Have Courage !

To a young artist today I wrote, "You have been drawing and painting your stories, your ideas and your friends.

They must think it is truly wonderful and revealing of your natural talent and your desire to make art.

I see you struggle with some of the great problems of representational painting.

How to incorporate a figure into an environment, for example . . . or how to balance the elements of form: 
Figure/Ground, Line/Mass, Perspective/Pattern, Hue/Value/Chroma, Image/Symbol, 
Meaning/Feeling, Imagination/Vision, Harmony/Discord, Transparent/Opaque.

These are the qualities that will carry your story in pictures however you choose to tell it. 

They combine to make a kind of visual poetry that will express Life itself when used effectively.

And it takes a lifetime of learning to master the Art of Painting.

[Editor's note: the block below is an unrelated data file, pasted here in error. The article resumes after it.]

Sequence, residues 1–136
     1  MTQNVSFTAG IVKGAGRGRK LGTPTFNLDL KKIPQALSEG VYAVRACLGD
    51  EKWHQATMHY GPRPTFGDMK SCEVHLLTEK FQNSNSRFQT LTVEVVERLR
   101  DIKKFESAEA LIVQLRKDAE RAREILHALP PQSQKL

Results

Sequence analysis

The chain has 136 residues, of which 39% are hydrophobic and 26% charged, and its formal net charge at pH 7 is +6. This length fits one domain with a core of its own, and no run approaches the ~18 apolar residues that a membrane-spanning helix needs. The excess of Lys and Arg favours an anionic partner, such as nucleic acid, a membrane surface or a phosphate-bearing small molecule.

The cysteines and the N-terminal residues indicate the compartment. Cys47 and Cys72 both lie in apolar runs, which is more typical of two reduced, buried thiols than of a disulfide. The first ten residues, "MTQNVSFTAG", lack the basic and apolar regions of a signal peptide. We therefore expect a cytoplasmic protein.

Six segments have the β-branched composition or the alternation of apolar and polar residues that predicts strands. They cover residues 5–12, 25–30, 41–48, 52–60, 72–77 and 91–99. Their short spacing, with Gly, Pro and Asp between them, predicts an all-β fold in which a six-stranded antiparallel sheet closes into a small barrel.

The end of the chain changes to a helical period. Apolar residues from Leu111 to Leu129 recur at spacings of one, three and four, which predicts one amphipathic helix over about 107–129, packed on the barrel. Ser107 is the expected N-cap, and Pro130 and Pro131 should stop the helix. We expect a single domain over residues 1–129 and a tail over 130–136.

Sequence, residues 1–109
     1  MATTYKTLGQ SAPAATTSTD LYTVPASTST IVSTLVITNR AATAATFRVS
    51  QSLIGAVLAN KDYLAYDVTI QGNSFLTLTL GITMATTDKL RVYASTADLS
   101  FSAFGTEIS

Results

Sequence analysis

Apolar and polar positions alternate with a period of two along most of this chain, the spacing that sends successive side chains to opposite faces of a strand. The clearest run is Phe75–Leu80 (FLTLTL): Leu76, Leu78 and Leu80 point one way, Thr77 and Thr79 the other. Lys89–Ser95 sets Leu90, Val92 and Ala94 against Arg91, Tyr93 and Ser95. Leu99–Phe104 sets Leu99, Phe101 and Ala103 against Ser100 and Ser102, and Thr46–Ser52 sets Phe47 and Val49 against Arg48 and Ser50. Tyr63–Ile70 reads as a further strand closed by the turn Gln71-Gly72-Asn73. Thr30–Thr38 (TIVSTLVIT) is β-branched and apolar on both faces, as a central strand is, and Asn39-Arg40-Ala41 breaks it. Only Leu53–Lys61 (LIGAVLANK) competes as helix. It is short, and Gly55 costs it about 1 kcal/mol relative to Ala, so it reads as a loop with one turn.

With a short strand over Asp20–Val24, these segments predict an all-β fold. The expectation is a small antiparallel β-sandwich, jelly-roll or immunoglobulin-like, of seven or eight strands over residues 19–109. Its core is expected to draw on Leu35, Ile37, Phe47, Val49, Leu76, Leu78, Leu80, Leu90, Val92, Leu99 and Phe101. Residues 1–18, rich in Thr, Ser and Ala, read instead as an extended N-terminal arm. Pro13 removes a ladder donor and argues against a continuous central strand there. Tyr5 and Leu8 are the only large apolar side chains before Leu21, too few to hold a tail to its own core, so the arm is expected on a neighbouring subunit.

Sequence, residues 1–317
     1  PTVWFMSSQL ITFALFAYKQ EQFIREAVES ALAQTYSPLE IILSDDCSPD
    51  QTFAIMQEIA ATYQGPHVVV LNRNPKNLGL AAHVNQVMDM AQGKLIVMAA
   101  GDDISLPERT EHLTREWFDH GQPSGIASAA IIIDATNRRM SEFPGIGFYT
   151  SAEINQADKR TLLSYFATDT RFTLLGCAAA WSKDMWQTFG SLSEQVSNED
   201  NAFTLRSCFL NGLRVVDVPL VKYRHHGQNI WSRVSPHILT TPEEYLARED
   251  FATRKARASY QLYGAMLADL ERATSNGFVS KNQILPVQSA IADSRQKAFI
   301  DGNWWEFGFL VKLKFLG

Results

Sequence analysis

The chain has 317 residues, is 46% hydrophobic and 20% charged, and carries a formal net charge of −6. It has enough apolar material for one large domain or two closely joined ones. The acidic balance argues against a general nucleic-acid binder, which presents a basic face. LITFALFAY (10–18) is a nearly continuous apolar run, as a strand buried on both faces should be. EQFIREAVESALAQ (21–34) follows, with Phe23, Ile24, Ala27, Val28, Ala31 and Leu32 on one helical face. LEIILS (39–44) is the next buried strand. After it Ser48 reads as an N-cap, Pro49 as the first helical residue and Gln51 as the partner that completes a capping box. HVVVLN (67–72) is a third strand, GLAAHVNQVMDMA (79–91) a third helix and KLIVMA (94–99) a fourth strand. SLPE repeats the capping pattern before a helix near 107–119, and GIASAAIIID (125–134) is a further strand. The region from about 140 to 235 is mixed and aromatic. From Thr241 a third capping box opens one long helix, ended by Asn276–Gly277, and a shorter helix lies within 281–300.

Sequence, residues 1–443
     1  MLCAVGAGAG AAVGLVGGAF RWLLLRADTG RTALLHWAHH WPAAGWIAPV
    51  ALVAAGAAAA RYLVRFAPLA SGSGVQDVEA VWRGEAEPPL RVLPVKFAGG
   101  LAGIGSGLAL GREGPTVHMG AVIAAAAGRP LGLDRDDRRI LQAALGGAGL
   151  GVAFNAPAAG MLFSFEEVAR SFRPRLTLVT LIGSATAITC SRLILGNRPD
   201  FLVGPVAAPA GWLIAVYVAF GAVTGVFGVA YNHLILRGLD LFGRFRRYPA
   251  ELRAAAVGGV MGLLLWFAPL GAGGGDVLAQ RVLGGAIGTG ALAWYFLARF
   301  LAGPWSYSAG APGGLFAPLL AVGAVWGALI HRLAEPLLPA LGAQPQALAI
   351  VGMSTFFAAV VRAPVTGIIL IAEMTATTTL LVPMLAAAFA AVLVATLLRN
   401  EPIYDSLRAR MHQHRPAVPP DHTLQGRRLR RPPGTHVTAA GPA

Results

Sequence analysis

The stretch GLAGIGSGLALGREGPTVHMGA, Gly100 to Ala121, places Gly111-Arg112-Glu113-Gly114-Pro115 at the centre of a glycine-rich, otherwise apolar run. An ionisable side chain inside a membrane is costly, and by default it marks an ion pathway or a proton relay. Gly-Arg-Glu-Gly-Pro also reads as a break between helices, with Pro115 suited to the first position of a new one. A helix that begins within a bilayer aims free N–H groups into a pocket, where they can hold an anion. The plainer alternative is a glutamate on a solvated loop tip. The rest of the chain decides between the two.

You’ll find it is solitary work before a broad audience and you'll find a classroom everywhere.

There is much that can be described. Much to be taught. Everything to be observed and contemplated.

There are many teachers to point you in the right direction but only you are left to learn each lesson.

The steps along the way may seem heavy and hopeless or light and effortless.

Progress will trip over its own feet. Failure will reveal a delightful miracle!

The question “Why?” is asked and not answered so frequently it leaves a scar deep in your heart.

Distractions are so seductive; Disappointments are crushing; Money will shine like a trophy on the easier path.